An Answer to an Answer about Monastacism and the Business of Monasteries

Author: Fr. Evagoras Constantinides
Date Published: 02/04/2004

A letter was received by Mrs. Fanny Pappas from a lady who follows the Ephraimite monasteries but does not understand Monasticism, in answer to the letter which Mrs. Fanny Pappas sent to His Eminence Archbishop Demetrios and their Eminences, all the Metropolitans of our Church in America. It was published in the Greek Star on October 30, 2003, about her plight with her daughter and the monastery of St. John Chrysostom in Pleasant Prairie, Wisconsin.

I find most of the statements in this letter ludicrous, naive, even insulting to the clergy. She states: “Why should we pour millions of dollars into these monasteries? Because they are there to serve me, and the rest of the people. I have spent days in various monasteries when I needed the solitude to reflect and ‘recharge’ which is something I could not do in a regular parish community.”

How sad that the lady cannot find a parish community church, or any church for that matter, in which to pray and “recharge” and she needs a 10 million dollar monastery to do it! Perhaps reading Matthew 5, 6 might give her a better solution. Also, is that really the reason why the famous monasteries on Mt. Athos and the rest of the world were established? The reason monks went there is to get away from the world, not to attract the world to them. This may be the case with the Ephraimite monasteries in America, but this was not, and is not, the purpose of the monasteries.

Monasticism, much as the priesthood, is a calling, a spontaneous longing to devote one’s self completely to God through abstinence, prayer, fasting, renunciation of the world, poverty, profound humility and service, not the result of recruiting impressionable and unsuspecting teenagers or disillusioned life sojourners, as the Ephraim monasteries are doing in America, in order to man their monasteries. Nor should the monks and nuns lose their individual will and freedom upon entering. Obedience yes, slavery, no! Nor should they go to the monasteries to become recluses or incommunicado and to sever all relations with the outside world.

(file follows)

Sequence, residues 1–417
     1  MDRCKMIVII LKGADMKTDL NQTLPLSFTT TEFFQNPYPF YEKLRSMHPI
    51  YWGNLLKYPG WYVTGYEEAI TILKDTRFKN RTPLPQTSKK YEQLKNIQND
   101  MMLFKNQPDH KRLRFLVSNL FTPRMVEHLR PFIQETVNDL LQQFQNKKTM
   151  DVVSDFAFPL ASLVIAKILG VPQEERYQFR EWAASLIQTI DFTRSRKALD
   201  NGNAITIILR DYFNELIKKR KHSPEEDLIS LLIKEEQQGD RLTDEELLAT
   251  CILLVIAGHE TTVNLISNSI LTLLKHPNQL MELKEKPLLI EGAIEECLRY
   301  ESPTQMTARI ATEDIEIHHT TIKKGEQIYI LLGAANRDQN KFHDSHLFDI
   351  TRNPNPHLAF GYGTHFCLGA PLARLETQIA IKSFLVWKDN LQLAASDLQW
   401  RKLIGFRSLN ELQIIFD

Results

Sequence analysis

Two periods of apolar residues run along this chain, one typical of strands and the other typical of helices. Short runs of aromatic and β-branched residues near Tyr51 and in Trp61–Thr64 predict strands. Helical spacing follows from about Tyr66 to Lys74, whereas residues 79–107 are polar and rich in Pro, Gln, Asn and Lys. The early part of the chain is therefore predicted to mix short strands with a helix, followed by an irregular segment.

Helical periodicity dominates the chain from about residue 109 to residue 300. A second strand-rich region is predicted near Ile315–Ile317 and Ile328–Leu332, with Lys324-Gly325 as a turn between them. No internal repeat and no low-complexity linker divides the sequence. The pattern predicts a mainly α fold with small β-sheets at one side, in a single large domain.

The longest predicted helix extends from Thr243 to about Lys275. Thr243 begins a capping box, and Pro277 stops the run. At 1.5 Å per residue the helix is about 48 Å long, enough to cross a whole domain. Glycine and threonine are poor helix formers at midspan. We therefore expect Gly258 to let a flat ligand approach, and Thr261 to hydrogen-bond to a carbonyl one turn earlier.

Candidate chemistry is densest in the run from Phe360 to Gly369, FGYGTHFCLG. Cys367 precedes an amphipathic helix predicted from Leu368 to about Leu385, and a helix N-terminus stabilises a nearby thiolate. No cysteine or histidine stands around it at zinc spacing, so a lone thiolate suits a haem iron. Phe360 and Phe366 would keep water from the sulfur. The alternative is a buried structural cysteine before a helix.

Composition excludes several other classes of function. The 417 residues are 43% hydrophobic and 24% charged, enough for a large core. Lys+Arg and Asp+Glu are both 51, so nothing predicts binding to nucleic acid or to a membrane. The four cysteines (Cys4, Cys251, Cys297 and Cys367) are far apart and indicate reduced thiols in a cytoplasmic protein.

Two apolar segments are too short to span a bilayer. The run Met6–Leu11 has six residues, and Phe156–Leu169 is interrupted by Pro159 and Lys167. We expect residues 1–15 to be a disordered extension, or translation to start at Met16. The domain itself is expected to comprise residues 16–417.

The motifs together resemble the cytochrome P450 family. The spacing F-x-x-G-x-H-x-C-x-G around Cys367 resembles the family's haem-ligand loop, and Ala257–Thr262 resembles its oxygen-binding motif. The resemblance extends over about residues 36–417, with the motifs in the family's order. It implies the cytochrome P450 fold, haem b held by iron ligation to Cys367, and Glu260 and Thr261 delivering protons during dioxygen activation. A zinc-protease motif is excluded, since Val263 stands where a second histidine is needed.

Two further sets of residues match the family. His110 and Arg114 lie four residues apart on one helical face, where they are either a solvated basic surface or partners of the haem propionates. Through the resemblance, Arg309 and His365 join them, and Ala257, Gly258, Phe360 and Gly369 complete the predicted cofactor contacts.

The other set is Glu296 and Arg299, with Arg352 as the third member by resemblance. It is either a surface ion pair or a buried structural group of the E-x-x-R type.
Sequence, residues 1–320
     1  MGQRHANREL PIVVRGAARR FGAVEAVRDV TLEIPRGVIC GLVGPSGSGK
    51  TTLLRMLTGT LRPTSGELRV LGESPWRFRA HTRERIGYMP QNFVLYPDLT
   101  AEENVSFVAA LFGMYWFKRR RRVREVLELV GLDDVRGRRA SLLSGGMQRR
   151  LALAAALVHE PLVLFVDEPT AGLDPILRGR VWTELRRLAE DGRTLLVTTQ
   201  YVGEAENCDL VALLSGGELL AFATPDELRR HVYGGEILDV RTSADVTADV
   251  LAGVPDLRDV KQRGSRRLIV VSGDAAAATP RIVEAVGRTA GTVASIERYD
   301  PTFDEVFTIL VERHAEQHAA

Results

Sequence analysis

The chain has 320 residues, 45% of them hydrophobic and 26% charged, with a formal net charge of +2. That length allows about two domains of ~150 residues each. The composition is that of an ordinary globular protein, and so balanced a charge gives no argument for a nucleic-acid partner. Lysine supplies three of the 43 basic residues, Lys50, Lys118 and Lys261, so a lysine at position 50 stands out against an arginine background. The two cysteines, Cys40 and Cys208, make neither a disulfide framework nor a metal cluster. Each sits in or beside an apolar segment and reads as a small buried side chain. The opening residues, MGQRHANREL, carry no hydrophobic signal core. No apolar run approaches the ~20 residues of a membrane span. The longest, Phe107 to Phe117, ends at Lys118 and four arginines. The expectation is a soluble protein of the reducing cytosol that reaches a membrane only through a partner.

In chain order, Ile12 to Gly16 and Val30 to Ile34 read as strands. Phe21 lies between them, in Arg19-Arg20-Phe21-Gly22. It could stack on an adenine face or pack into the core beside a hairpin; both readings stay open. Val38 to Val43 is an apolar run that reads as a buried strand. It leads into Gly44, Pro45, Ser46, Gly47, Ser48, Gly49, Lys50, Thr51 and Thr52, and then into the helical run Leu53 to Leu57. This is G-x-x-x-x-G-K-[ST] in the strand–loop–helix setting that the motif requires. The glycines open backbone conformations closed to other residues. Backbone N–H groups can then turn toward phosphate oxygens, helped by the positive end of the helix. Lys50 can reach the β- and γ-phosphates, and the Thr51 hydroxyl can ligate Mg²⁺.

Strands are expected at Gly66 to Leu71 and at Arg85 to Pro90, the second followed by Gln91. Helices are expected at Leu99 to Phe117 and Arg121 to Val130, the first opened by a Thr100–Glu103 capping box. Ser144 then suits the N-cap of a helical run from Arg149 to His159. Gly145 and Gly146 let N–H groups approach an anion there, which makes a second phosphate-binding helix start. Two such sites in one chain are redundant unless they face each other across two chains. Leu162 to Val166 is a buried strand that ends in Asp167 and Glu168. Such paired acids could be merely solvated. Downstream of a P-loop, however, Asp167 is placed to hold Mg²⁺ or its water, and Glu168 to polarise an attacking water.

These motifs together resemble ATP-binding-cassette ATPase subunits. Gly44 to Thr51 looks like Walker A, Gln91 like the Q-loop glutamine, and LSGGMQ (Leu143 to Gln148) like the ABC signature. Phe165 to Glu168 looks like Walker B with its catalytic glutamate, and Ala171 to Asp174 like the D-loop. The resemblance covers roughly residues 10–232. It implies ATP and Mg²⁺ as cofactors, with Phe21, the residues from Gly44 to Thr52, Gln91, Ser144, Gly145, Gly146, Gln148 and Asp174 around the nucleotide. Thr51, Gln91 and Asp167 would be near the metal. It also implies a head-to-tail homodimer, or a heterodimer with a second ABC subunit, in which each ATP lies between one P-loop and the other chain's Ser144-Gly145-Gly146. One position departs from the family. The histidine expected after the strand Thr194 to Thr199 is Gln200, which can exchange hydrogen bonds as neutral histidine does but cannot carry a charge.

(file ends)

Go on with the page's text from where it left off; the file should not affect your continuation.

And the lady goes on to insult the clergy by stating, “some clergy are openly critical of our monasteries, and it mystifies me. As a teacher I can only explain it to the fact that their training was inadequate or maybe they skipped class and didn’t study church history.”

Actually, not “some clergy” but most clergy are openly critical of the Ephraim monasteries. Not because they didn’t study Church history or don’t believe in monasticism, but because they see true monasticism flagrantly trampled on in the luxurious and auspicious “palace in the desert” and the “palace in the prairie”.

What follows will tell you what true monasticism is.

Here is what the Orthodox Ethical and Religious Encyclopedia writes: “The first form of the monastic life was that of the anchorite, born in Egypt during the persecution of Decius (249-251 AD). During the days of St. Anthony five thousand anchorites flooded the desert of Nitria and surroundings who, despising the harshness of the desert and the penance, and life of the burning sand with just water and dry bread, became the propagators of this practice of the Church. They live in isolation, and only on Sundays or other great holidays, did they go to the nearest church to pray with others and receive communion. And when they were in need of counsel, they visited St. Anthony or any other Elder. They managed by themselves for prayer, shelter, raiment, food and work. They submitted themselves to all kinds of hardships and deprivations and gave themselves to uninterrupted prayer and the strictest of fasts; they truly lived an angelic life. But it was impossible for these extremes not to end in superstitions, falsehoods and spiritual ailments. We find many examples of anchorites who, in their effort to attain the ultimate Christian perfection, many times arrived at entirely opposite results. St. John Chrysostom mentions in his books to Stageirios, a monk who, thinking that he was motivated by the devil, committed suicide. Other anrchorites went insane, and others went into lengthy periods of sleep in order to combat their carnal desires. In the life of St. Pachomios, and St. Neilos, among other aberrations of the monastic life are mentioned cases where monks threw themselves on the rocks while in ecstasy or, driven by internal temptations and unable to overcome them, stabbed themselves in the chest or in the abdomen or, threw themselves down from the high rocks, convinced that, in this way, they were dying the death of martyrdom.